Hungry for What by María Bastarós review – darkly compelling tales from Spain

<span>Cruel logic … María Bastarós.</span><span>Photograph: PR</span>
Cruel logic … María Bastarós.Photograph: PR

María Bastarós likes to bring her short stories to a moment of crisis then leave them hanging in mid-air: a shotgun-wielding husband confronts his wife and her lover; a father discovers his twin teenage daughters having sex with his boss; an encounter between a girl and a gang of boys teeters on the edge of assault. These are endings that might, in other hands, leave a reader feeling cheated and wanting three more pages, but Bastarós is so good, her stories so darkly compelling, that personal predilections evaporate in the heat of her talent.

Bastarós has published four books in Spain, but this is her first appearance in English (translated by Kevin Gerry Dunn). Set mostly in the lonely, arid landscapes of northern Spain, where the desert “plays games that no one understands”, and swallows the careless whole, the presiding mood of these tales is dread. Bastarós’s characters – jilted lovers, seekers of revenge, daughters plotting against mothers, disaffected office workers – are all waiting for the axe to descend. Almost invariably, it does. It is a moral universe, I suppose, but one that operates according to an ominously occluded – or perhaps just cruel – logic.

Bastarós has us off balance from the start. The opening story, A Grown-up Dinner, describes a young girl trying to recreate one of the romantic meals her mother and now dead father used to enjoy. Instead of foie gras she uses wedges of Laughing Cow cheese sprinkled with chocolate powder. For baby eels, Chipsticks topped with raw garlic. It seems naively charming, but the complexity of the gesture is revealed when the mother comes home with her boyfriend, a psychotherapist, who has little difficulty decoding the aggression of the girl’s action.

Never knowing where things might go next becomes part of the pleasure of the book

She succeeds in expelling him from the house but has scant opportunity to enjoy her victory. The next morning her mother takes her out, driving down highways “longer and emptier than the girl could have imagined”. They drive not only into the desert but seemingly beyond the borders of reality, the story ending in an unexpectedly ritualistic, adversarial scene between mother and daughter.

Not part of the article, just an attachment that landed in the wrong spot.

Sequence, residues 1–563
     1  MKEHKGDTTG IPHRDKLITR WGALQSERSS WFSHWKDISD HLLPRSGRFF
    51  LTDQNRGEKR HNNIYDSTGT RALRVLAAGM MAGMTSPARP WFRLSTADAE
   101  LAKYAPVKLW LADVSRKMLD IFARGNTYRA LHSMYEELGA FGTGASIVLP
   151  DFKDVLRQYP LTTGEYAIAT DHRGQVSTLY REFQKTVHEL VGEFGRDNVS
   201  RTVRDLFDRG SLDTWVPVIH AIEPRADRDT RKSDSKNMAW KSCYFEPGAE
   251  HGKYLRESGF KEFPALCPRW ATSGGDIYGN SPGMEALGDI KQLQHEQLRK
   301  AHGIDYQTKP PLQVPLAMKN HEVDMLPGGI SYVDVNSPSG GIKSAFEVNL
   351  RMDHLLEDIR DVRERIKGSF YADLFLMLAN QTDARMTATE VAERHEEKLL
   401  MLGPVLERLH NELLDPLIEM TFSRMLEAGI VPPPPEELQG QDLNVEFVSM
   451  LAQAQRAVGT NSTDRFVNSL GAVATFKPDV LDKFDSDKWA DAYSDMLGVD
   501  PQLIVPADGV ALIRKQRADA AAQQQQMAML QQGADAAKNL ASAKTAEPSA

From this point, never knowing where things might go next becomes part of the pleasure of the book. Some of these stories, like That Time With the Shotgun, read as though the boozy, violent and desperate characters from a Fernanda Melchor novel have relocated to Spain. Bastarós’s writing has a similar muscularity, and an ability to present domestic squalor that makes it, like the stench of the van that delivers the protagonist to her job at a slaughterhouse, “take solid form and slide into her throat like a wad of gum, a tangible thing she could chew and spit in someone’s face”.

The more time I spent in Bastarós’s world – and it is a world, geographically demarcated and with characters migrating from one story to another – the more I was reminded of the Argentinian writer Silvina Ocampo, who composed an impressive library of macabre work between the 1930s and 1980s. The malignity Bastarós’s stories exude, as well as their use of child protagonists, perversion of domestic settings, the sensation of sliding between reality and weirder, less explicable spaces, and, relatedly, the unpredictability of where the next sentence will lead, are all traits these writers share.

Near the end of Ocampo’s life, when she was compiling her first collection in English, her translator said Ocampo insisted that they choose “her cruellest stories” – an attitude of which I imagine Bastarós would approve. There is a goading audacity to her writing that some might find offputting, but which impressed me. Those Who Keep the Fire, the final story and one of the collection’s best, describes a gynaecology nurse who falls in love with a baby: “He fell in love the same way people do in the movies: at first sight, and with rapturous passion. The trouble was the abhorrent object of his misplaced affection.”

This unwanted but undeniable coup de foudre drives him from Spain to the Yukon. Here he finds some kind of answer to his problem in nature, which echoes the book’s other standout story, Notre-Dame Gone to Ashes. The spurned woman at its centre leaves her job, spends time in a psychiatric hospital (a passage reminiscent of the asylum-set stories of Anna Kavan), and finds self-knowledge and peace in the wilderness. This being a Bastarós story, though, they aren’t the only things she finds there.

Only two stories – one describing the aftermath of a rape and murder, the other a Christmas Eve revelation of despair – fall short of gripping us by the throat. But they do little to diminish the impact of this riveting collection. In Spanish the book’s title is No Era Esto a lo Que Veníamos: This Was Not What We Came For. It wasn’t, but we should be glad it’s what we got.

• Hungry for What by María Bastarós, translated by Kevin Gerry Dunn, is published by Daunt (£9.99). To support the Guardian and Observer, order your copy at Delivery charges may apply.